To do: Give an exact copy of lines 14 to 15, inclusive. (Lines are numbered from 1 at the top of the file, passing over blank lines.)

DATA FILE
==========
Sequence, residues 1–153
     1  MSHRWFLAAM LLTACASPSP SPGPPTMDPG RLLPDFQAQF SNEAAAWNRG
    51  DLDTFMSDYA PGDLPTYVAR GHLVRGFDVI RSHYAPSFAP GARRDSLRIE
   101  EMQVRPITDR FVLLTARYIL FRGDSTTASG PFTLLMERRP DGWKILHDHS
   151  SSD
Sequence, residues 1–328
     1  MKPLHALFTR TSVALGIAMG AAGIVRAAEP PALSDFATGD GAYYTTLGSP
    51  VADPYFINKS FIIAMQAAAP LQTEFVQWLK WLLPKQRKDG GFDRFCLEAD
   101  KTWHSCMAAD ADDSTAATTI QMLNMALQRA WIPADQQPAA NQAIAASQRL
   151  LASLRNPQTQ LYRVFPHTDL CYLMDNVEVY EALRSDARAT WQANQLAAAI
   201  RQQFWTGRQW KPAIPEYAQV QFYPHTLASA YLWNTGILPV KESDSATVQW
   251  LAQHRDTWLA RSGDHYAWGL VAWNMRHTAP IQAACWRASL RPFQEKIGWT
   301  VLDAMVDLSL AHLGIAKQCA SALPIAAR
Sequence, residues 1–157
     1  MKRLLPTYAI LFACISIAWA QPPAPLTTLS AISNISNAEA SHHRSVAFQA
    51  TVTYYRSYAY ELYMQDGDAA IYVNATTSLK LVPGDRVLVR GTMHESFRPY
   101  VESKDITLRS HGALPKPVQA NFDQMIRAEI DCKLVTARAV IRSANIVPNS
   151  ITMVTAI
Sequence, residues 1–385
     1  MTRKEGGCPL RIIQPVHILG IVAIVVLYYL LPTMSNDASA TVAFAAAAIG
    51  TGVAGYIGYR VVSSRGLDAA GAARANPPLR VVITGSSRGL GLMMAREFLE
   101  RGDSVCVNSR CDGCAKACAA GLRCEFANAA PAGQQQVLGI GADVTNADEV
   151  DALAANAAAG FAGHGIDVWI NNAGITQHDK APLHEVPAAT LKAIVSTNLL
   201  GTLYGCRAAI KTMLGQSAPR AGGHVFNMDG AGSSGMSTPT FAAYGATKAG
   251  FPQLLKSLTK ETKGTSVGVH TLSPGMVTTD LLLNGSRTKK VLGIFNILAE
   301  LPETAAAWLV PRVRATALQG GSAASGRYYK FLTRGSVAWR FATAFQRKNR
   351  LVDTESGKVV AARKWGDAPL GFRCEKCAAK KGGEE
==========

Sequence, residues 1–157
     1  MKRLLPTYAI LFACISIAWA QPPAPLTTLS AISNISNAEA SHHRSVAFQA